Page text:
An Alchemist In London: Dinner By Heston Blumenthal


In order to ease away this tension of the city life

An Alchemist In London: Dinner By Heston Blumenthal

When you head towards Knightsbride, the first thing you’ll see is “National History Museum” where the frightening T-Rex skeleton will send shivers down your spine. Following the museum, you’ll be greeted by the luxurious shopping mall Harrods. As even its green shopper bags are enough to change the way the shoppers behave, Harrods will give you the chills of the cold wind of capitalism if you have an opportunity to see its “luxury washrooms”.

 

In order to ease away this tension of the city life, you have to go on walking a bit more. You’ll be welcomed by the spacious tranquility of Hyde Park. And if you want to complement this spectacular view with a fine dinner, “Dinner by Heston Blumenthal” would be a fine choice.

 

A Self-Taught Chef

 

Almost a hairless head, rather large eyes, distinctive style of eyeglasses with black frames and a cloud of steam vaporizing in front of him…

 

Anyone who’s interested in the gastronomy world could guess I’m talking about the master of molecular gastronomy, Heston Blumenthal.

 

Heston Blumenthal has not received any training about cooking. He earned his living as a debt-collector in his youth. But later on, with the money he earned from that job, he collected information on gastronomy by reading about it and travelling France. Eventually he bought a 450-year old bar in Bray, an hour away from London and transformed it into a restaurant called “The Fat Duck”.

 

The inexperienced chef exploded the oven in the second day of work and spent the rest of his day with a bag of frozen beans strapped onto his head. He didn’t have any imagine receiving any Michelin stars at that stage. Later on, the chef was impressed by the book titled “On Food and Cooking: The Science and Lore of the Kitchen” and contacted with its writer Harold McGee. This became the major inspiration for the chef to put the chemistry knowledge into use in his kitchen. Following the Michelin stars it was awarded with in 1999, 2001 and 2004, The Fat Duck won the first place in the list of The World’s 50 Best Restaurants. It still continues to spearhead the molecular gastronomy with its experimental menu created with help of things like liquid nitrogen, citric acid, vacuum machine and silica gel, which some people might find a bit fanciful.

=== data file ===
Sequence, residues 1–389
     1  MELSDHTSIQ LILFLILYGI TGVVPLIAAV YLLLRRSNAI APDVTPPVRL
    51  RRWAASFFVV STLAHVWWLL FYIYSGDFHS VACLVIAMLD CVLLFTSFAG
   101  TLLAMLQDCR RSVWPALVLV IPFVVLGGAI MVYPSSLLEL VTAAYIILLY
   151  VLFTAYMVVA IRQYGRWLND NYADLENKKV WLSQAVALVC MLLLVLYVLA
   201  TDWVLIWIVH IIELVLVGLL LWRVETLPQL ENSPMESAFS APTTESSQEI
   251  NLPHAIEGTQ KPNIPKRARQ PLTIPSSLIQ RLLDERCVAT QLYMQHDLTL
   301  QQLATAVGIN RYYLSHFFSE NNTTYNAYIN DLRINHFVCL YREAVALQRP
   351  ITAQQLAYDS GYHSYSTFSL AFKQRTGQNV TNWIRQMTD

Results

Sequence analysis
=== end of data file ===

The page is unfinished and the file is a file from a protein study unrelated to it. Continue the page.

Inspired by the Classical British Recipes

 

 Opened in 2011 by the self-taught chef, “Dinner by Heston Blumenthal” is located in Mandarin Oriental Hotel, a 125-year-old building at Knightsbridge with a façade constructed of red-bricks, which turns into a spectacular show once the sun shines over the building. As the restaurant won two Michelin stars in a short time, it was also listed fifth on “The World’s Fifty Best Restaurants” last year.

 

The head chef of the restaurant is Ashley-Palmer Watts who joined the Fat Duck 15 years ago and proved to be skilled chef in a short time.

 

The customers are first welcomed by the sexy huge purple-lit pineapple painting. The first thing that attracted our attention when we stepped in the restaurant was the kitchen with glass walls like an aquarium. You can watch all the hustle-bustle of the staff trying to put the last touch on the dishes if you can resist the spectacular view from the humongous windows overlooking Hyde Park.

 

The ceiling looks outstanding with the elegant lighting instead of the bulging lights that look like a cake pan. The little orange cushions were placed randomly to create a warm atmosphere in the restaurant where mostly the lighter colors are used in its design.

 

I didn’t witness any of the young chefs giving a pause to take a look at the customers, they were like cooking on a stage. The only things that can get across to the dozens of onlookers are professionalism and respect they showed for their job. We can say the same thing about the serving staff. Every one of them knows his/her job and is careful enough to calculate the inches between them and the customers.

 

Dinner by Heston Blumenthal has a different concept from the Fat Duck. The menu is more basic and consists of dishes inspired from the 15th, 16th and 17th centuries of England. Among the dishes which are basically the reworked versions of the long-established culinary culture, the source of inspiration is sometimes a certain mixture of spices and other times, it’s the style of presentation. The time a dish dates back to is attached to the name of the dish on the menu. As you flip over the menu, you can find some information about the book that the original recipe was published in.